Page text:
Like many, I have become very interested in the Nuclear Disaster of Chernobyl, after the acclaimed mini-series.

So I started digging around for more information. The series, of course, does not give the technical truth, nor was it produced to do so.

My simple question is this: "What is the relation of water and steam to nuclear reactivity?"

Higginbotham states

enter image description here

This statement, for me, implies this. A nuclear moderator slows down the fast-moving neutrons so that they are put in a better possibility to strike each other: fission. Water is better than steam for some reason. so if you have too much steam (through overheating or leaking of coolant) fewer neutrons are hitting, which means less fission and less reactivity. here I am assuming that the water we are talking about is that of the moderator and not the reactor.

Now further onwards, during the explosion of the reactor, the author says:

enter image description here

this is implying that steam increases reactivity... How is it now saying that the presence of steam increases reactivity in the core?

  • 1
    $\begingroup$ The first part is true, although neutrons dont strike each other, fission is when they hit a nucleus. Second part sounds dodgy, but i dont know what actually happened. $\endgroup$
    – lalala
    Jul 6, 2019 at 13:38
  • $\begingroup$ As the amount of steam increased - due to the increasing temperature, then more neutrons were available to continue the reaction as the steam was absorbing fewer neutrons... So more neutrons means more reaction causing higher temperature, which turns more water to steam, which means fewer neutrons absorbed... $\endgroup$
    – user207455
    Jul 6, 2019 at 13:58

1 Answer 1


The author as far as I can read your quotes is correct. This is not that easy but try to understand. In western type reactors like PWR and BWR (Google them) also in Soviet/Russian VVER type reactors (they are very similar to PWR) the core is filled with water and as the heat from the fuel assemblies heats the water it becomes pressurized, that is why they are called "Pressurized water reactors", now water is also a neutron moderator which means it slows down the fission neutrons as they fly through the water atoms. Remember that for U235 to fission it needs the so-called thermal neutrons which are slower in their speed (kinetic energy) than fast neutrons, if there was no water almost all the neutrons from the fuel rods would be fast because there would be nothing to slow them down. U235 fissions much less with higher kinetic energy/fast neutrons. The reasons for this you have to either ask in a different question or study through google.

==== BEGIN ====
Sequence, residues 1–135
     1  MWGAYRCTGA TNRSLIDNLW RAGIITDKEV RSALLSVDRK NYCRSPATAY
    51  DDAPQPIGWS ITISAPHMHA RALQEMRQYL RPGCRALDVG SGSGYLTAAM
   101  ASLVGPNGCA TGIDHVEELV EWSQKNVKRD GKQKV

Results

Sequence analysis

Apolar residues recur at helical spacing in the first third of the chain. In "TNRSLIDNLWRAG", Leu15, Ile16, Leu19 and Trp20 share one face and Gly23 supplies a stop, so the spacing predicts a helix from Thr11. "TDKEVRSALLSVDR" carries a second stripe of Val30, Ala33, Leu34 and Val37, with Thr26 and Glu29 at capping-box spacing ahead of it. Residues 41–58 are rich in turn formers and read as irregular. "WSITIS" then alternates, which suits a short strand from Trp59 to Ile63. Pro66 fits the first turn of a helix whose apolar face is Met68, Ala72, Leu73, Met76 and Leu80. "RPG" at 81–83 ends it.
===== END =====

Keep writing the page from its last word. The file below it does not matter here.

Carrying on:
Now back to Chernobyl, for reasons beyond the scope of this answer the RBMK-1000 is a different type of reactor, a so-called graphite moderated light water cooled reactor. In this reactor graphite moderates neutrons, it slows them down and reflects them. This means that in an RBMK reactor the U235 fission reaction can happen even if there is no water present because there is graphite in the core, now normally there is also water in the core pipes running through them cooling the fuel and producing valuable steam for the turbine. Water as a substance absorbs neutrons more than graphite, so water is a better neutrons absorber than graphite while both water and graphite can moderate neutrons, aka slow them down. Now as the water flow through the RBMK core was stopped, more and more water turned to steam. Steam is much less dense than water so the neutrons absorbing properties of water were eliminated so now there was only graphite left, and the control rods which had to absorb excess neutrons were almost all taken out, this means that the reactor can now boost itself up in power and since neutron increase happens very fast the operators couldn't simply stop the increase as it was running very fast, the power was doubling each split second. The control rods in the original RBMK took about 18 seconds to fully insert from a fully withdrawn position, so much too slow to stop a runaway chain reaction.

You might know that this is what happens in a nuclear bomb, sort of, a critical mass is reached and there is no neutron control, they are allowed to run wild, and that is what is actually wanted in a bomb but not in a power reactor

The miniseries is actually kind of correct on this issue because the accident itself was a sum of operator error and design specifics of the RBMK reactor. There are certain specific details that make the RBMK very unstable at low power but I'm not sure how much information are you capable of understanding so for now let me stop here.

  • $\begingroup$ @xray0 you missed a few... $\endgroup$
    – user207455
    Jul 6, 2019 at 14:21

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